Tennis star Novak Djokovic will miss the Miami Open after failing to get an exemption under coronavirus vaccine rules to enter the United States.
But Miami Open tournament director James Blake said that while they had tried to secure entry for the 35-year-old Serbian star, “that wasn’t able to happen.”
“We run one of the premier tournaments in the world. We’d like to have the best players that can play … And we did all we could, tried to talk to the government, but that’s out of our hands,” Blake told Tennis Channel on Friday.
“We’d love to have him, and he’s our greatest champion. He’s won six times here … But unfortunately, that’s way above my pay grade,” he added.
Tournament officials in Indian Wells, Calif., also said Djokovic had withdrawn earlier this month.
Politicians including Florida Gov. Ron DeSantis (R) have recently urged President Biden to exempt the top-ranked player so he could compete in the Miami Open, set to take place March 19 to April 2 in Miami Gardens, Fla. Florida’s two Republican senators had also asked Biden to accept the request for a vaccine waiver.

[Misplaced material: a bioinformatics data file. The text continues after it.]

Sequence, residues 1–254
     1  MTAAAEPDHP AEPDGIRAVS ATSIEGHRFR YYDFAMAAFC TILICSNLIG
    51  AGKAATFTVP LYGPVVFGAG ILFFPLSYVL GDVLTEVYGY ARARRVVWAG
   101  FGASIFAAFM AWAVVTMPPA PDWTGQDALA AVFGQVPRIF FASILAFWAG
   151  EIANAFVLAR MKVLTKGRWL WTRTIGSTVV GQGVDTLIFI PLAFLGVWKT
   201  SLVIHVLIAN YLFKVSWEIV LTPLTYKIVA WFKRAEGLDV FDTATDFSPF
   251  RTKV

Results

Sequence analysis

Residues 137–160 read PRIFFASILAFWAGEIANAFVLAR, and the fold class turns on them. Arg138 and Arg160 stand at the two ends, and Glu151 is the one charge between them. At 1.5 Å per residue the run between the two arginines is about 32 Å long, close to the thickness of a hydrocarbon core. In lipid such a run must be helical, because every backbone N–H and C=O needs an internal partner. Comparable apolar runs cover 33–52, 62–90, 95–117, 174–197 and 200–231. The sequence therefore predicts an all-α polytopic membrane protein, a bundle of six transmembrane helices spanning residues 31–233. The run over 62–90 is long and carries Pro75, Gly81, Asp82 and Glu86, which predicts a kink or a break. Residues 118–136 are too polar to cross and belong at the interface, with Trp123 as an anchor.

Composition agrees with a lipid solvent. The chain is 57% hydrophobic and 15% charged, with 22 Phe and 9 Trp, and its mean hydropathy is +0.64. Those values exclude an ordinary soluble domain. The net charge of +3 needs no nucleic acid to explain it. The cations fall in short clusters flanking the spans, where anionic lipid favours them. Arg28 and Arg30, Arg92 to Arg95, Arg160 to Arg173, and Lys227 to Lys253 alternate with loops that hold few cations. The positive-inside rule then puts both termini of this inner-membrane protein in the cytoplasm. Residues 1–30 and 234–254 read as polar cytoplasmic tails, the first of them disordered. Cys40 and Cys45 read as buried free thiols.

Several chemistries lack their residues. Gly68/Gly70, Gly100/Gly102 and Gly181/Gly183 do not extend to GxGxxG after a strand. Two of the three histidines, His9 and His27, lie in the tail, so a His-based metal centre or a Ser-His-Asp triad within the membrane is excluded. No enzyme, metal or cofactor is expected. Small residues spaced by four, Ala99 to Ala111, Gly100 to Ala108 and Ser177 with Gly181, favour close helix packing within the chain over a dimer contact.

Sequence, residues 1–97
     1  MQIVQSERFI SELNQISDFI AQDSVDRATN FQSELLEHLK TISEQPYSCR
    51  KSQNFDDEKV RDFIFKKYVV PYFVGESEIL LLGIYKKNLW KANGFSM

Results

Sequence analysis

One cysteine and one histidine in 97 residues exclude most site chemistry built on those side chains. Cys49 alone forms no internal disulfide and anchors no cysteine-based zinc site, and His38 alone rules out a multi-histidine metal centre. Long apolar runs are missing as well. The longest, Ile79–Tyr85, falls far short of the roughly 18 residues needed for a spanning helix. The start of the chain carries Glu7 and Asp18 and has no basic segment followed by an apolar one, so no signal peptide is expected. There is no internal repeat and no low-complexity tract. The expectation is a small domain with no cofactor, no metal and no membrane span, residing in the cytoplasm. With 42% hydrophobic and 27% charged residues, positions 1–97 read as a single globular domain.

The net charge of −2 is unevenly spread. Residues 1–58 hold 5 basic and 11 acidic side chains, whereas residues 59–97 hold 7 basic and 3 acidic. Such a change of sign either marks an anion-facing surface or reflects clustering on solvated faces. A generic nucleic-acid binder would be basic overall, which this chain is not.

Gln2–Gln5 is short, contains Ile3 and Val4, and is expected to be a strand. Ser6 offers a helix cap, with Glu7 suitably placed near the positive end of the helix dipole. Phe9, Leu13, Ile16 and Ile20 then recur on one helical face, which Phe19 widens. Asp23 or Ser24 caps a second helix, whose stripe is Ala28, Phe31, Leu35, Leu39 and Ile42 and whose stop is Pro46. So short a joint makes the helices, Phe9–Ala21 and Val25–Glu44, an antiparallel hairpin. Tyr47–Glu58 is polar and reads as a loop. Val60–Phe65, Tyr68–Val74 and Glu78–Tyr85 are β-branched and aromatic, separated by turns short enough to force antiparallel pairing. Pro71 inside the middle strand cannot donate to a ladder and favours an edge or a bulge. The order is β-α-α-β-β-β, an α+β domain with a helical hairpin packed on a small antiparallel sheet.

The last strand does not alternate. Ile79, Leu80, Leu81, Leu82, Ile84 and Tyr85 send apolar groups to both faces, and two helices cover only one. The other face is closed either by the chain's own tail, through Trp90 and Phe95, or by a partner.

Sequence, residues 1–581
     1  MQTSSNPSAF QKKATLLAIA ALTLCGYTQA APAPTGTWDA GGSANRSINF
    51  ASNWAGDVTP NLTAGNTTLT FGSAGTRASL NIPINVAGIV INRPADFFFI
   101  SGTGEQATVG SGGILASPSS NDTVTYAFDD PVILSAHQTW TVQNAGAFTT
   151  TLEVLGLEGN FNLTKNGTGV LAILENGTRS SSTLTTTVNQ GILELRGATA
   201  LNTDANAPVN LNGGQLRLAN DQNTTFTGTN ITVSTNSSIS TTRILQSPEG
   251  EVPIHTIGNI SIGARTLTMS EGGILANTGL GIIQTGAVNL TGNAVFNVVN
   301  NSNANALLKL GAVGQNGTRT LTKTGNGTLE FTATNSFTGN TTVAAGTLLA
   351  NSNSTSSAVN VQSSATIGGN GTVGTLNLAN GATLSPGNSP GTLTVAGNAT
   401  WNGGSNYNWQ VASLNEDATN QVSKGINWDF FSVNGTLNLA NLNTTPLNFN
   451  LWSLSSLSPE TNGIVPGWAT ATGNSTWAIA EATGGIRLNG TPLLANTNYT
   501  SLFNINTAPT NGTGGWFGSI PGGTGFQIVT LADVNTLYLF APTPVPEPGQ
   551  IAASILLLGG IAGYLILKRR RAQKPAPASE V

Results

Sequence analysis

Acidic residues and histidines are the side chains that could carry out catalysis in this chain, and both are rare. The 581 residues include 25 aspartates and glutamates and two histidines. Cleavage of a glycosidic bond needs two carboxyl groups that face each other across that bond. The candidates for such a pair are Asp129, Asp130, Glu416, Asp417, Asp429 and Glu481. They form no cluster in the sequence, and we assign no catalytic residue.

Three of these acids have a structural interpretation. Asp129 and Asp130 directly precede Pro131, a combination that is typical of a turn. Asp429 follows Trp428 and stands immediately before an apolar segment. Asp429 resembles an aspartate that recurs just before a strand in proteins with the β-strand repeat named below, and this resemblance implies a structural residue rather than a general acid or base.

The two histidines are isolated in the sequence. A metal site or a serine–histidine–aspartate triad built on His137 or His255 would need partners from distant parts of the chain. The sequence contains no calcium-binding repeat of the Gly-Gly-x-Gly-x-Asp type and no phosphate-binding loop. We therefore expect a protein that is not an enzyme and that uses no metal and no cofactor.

Officials at the U.S. Open, the country’s Grand Slam event, had expressed support for Djokovic, tweeting that they were “hopeful that Novak is successful in his petition to enter the country.”
The athlete’s unvaccinated status amid coronavirus restrictions left him unable to play in last year’s U.S. Open. He was deported from Australia in January last year in a saga that divided his fans and detractors as health officials globally encouraged vaccination to fight the spread of the deadly virus. A mandatory vaccine requirement did not apply for entry to Britain, and Djokovic went on to successfully defend his men’s singles title at Wimbledon last July.
In interviews last year, Djokovic said he was not part of the anti-vaccine movement but that he supported the freedom to choose.
Health officials say people who are vaccinated and boosted not only have protection from serious illness themselves but also help protect the more vulnerable, including the immunocompromised.
Des Bieler and Cindy Boren contributed to this report.